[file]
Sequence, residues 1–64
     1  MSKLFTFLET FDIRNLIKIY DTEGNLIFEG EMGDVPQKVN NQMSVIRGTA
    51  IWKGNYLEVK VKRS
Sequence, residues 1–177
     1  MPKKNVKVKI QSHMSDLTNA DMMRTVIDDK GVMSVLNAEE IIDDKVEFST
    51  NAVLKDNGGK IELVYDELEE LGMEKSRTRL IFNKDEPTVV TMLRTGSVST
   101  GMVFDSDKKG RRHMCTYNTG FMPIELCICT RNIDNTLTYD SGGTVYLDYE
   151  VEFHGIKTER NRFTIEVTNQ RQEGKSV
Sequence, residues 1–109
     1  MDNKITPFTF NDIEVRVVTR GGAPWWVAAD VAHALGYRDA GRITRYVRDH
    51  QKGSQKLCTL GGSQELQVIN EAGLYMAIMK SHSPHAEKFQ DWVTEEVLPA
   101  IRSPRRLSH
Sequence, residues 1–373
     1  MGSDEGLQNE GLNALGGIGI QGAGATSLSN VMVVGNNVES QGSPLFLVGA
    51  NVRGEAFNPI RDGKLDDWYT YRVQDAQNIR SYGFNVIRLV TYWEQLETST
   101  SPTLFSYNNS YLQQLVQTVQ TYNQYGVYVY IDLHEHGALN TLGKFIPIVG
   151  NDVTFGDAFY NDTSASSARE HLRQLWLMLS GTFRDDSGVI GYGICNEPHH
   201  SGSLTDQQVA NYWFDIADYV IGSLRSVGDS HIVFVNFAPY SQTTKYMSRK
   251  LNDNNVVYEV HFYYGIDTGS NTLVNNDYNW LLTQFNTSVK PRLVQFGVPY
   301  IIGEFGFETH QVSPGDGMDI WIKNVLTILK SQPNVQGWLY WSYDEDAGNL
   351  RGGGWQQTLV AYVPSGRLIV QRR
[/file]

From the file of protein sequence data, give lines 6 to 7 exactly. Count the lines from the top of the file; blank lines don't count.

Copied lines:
    51  NAVLKDNGGK IELVYDELEE LGMEKSRTRL IFNKDEPTVV TMLRTGSVST
   101  GMVFDSDKKG RRHMCTYNTG FMPIELCICT RNIDNTLTYD SGGTVYLDYE